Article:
A new state law designed to get auto insurance rates under control could risk biker coverage.
Motorcyclists are feeling nervous about potential upcoming changes to Michigan motorcycle insurance coverage. The state has been making some serious moves to reduce its auto insurance rates after having been the most expensive in the country for many years.
The new law will allow motorists to purchase limited personal injury protection benefits.
The new state auto insurance law was signed by Democratic Governor Gretchen Whitmer after having been pushed by the Republican-led state legislature. It will impact Michigan motorcycle insurance by eliminating the guarantee for lifetime coverage for riders involved in car crashes. This change is being made to coverage law instead of requiring them to the medical coverage choices of auto drivers.
Michigan State Police data shows that there were over 2,100 motorcyclists injured last year. Moreover, there were 134 riders killed in crashes in 2018. Over half of those injuries and deaths occurred as a result of multiple vehicle crashes.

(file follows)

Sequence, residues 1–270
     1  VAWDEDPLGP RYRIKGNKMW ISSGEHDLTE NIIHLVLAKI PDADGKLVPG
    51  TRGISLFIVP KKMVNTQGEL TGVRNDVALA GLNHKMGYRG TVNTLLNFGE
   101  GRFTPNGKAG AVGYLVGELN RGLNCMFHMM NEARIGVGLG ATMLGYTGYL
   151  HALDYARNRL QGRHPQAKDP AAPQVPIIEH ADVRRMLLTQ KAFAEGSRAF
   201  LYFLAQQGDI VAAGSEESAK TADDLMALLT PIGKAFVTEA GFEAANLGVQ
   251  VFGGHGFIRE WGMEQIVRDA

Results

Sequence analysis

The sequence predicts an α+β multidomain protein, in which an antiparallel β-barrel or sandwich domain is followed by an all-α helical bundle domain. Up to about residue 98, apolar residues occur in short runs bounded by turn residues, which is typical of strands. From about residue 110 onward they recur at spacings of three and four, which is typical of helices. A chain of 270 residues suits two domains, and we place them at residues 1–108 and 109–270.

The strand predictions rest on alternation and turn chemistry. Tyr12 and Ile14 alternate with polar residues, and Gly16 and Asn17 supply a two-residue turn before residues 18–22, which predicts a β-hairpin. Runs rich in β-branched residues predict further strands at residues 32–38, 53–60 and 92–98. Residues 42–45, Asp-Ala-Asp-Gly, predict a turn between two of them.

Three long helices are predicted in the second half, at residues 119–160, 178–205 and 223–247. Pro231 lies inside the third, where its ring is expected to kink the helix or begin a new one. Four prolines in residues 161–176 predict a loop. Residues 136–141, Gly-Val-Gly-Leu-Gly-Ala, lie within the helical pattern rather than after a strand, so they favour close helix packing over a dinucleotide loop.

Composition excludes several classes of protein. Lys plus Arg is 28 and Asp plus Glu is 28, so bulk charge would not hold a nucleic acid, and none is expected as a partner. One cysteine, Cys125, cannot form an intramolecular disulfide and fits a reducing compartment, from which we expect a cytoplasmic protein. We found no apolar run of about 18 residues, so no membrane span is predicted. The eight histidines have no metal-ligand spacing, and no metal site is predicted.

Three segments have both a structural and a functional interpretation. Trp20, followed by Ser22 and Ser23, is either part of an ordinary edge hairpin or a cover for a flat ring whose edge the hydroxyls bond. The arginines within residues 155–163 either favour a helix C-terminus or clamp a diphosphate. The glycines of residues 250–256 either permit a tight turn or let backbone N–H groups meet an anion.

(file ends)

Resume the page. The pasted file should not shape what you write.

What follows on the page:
Now, riders are concerned that the new law will reduce Michigan motorcycle insurance coverage for riders.
Steve Sinas, a personal injury attorney in the state said he feels that the new law turns riding motorcycles in the state into a game of “Russian roulette.” Sinas fought the auto insurance reform law. He has been among the most vocal opponents of the law, underscoring the flaws it has overlooked.
“Motorcyclists cannot control their own destiny under this law,” said Sinas. “Their ability to claim no-fault benefits on a lifetime basis is totally dependent on the randomness of whether the vehicle involved in their crash had lifetime no-fault coverage.”
On the other hand, even supporters have acknowledged that the auto insurance law reform’s motorcycle segment is “challenging.” However, they feel that the primary driver of the reforms is to push down auto owner costs.
“The goal is to drive down the cost for consumers of auto insurance, and we have the most expensive auto rates,” said Senator Aric Nesbitt (R-Lawton), who sponsored the new law. “Any of this other stuff that folks talk about is a way to drive up the costs on auto insurance.”
Riders are worried that Michigan motorcycle insurance will no longer provide them with adequate coverage in the case of an accident with an injury.